PSYCHOLOGY OF EXERCISE & HEALTH - 2020/1
Module code: BMS3084
This module addresses the psychological aspects of exercise and how this related to health. The orientation is towards exercise for those who do not currently do enough exercise, including children, rather than on exercise for the fit and/or sports people.
School of Biosciences and Medicine
FIFE-SCHAW Christopher (Psychology)
Number of Credits: 15
ECTS Credits: 7.5
Framework: FHEQ Level 6
JACs code: C841
Module cap (Maximum number of students): N/A
Prerequisites / Co-requisites
Indicative content includes:
• Effects of exercise on psychological functioning – benefits and limitations
• Mood effects of exercise
• Motivation/Reasons for not exercising
• Adherence – the transdisciplinary model of exercise adherence – tailoring interventions
• Encouraging exercise in children
• Control and agency
• Social environment and willingness to exercise
• Exercise and depression and anxiety
• Exercise as an adjunct therapy
• The role of the exercise professional inc. exercise referral
|Assessment type||Unit of assessment||Weighting|
|Coursework||RESEARCH METHODS REPORT||25|
|Examination||EXAM (90 MIN)||75|
In the event that a student is unable to take part in the research project they will be asked to write a critical evaluation of a research paper involving the relationship between self-reports of activity and objective measures of the same.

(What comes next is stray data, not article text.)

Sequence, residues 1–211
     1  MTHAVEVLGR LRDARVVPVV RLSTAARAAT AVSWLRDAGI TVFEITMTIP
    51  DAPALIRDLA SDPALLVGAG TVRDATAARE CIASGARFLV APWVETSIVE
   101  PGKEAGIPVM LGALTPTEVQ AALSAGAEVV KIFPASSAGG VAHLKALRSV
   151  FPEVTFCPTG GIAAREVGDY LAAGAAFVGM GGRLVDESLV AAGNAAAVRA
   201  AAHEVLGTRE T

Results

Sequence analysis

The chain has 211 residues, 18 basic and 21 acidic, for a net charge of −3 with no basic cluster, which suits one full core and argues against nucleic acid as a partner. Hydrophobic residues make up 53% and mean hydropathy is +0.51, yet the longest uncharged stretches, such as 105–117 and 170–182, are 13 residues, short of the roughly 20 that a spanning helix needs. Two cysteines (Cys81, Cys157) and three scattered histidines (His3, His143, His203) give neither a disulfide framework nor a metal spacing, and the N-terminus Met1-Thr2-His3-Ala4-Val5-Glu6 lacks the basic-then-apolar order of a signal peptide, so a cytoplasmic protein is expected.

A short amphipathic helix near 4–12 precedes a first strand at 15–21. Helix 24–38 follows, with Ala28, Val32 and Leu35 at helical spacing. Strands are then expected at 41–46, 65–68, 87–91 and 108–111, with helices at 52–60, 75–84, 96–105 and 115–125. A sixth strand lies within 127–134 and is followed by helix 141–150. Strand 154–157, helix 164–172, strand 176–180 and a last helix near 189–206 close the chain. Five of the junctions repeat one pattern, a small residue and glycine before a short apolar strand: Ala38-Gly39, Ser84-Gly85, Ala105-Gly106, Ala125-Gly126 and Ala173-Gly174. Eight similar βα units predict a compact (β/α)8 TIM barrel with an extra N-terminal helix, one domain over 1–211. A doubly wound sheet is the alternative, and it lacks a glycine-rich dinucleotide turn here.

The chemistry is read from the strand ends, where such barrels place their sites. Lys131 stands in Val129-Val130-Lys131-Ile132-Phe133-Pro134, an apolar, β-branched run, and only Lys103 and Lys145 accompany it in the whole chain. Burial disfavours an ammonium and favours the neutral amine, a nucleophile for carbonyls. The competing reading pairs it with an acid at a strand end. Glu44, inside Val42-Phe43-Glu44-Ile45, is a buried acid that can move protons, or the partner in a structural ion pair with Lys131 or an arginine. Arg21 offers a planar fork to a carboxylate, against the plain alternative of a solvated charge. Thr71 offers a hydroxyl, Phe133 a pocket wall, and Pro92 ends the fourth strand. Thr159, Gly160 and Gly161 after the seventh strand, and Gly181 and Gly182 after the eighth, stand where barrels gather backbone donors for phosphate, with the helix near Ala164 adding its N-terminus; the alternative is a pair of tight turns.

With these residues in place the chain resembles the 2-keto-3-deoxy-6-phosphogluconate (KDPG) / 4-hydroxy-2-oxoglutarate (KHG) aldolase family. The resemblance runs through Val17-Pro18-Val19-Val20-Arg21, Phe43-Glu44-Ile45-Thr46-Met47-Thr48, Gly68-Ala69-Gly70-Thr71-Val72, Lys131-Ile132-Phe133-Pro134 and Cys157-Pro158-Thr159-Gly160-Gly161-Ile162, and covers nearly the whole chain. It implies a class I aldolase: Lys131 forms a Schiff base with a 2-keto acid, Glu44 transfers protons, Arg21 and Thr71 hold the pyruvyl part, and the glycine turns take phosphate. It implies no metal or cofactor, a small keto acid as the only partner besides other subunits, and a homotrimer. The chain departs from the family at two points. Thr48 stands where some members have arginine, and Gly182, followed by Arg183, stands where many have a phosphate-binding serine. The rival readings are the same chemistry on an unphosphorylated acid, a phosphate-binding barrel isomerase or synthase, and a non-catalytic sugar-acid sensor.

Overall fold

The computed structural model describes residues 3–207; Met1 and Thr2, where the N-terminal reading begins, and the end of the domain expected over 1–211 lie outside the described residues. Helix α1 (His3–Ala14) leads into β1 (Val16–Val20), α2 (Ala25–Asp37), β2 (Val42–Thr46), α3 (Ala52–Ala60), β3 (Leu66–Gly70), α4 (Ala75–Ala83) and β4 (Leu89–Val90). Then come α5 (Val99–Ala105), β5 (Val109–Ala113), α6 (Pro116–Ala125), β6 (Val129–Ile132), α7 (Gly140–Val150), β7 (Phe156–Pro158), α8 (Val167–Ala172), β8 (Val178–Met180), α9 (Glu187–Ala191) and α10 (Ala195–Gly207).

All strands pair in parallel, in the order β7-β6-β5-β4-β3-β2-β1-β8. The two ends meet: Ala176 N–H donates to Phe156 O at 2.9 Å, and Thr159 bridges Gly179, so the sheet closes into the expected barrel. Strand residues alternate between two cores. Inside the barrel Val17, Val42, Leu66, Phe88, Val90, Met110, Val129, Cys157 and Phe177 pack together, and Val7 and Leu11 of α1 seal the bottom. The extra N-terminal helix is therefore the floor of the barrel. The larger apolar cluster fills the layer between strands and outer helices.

The assessment strategy is designed to provide students with the opportunity to demonstrate their ability to critically engage with academic literature. Their ability to conduct a critical review of the literature and to assess the quality and quantity of evidence in psychology. The assessment will also allow students to demonstrate their ability to present clear, coherent and concise arguments to an academic audience. The research report is used to summarise the students’ ability to conduct and report a small research project.
Thus, the summative assessment for this module consists of:
- One research methods report (25%) (6 pages using formatted template) (due ~ week 9-10)
- One 90 minute unseen essay format examination (75%) (in formal semester exam period)
Formative assessment and feedback
Throughout the module students will receive verbal feedback in question and answer sessions linked to the lectures.
- Written Feedback on research methods report
- Dialogue between students and staff in lectures/seminars/tutorials
- Generic written feedback on examinations
- Use of electronic voting in some lectures
- Provide students with an understanding of the key psychological antecedents and consequences of exercise
- Explore the psychological factors that underpin exercise participation, and the benefits and risks associated with exercise.
- Provide an understanding of the role for health psychology in promoting physical activity in health interventions
- Provide an understanding of psychological models of behavioural change
- To understand the methodological issues and applied challenges for health practitioners and researchers
- Provide both a theoretical rationale and practical guidelines for interventions; promoting health-related physical activity at the individual level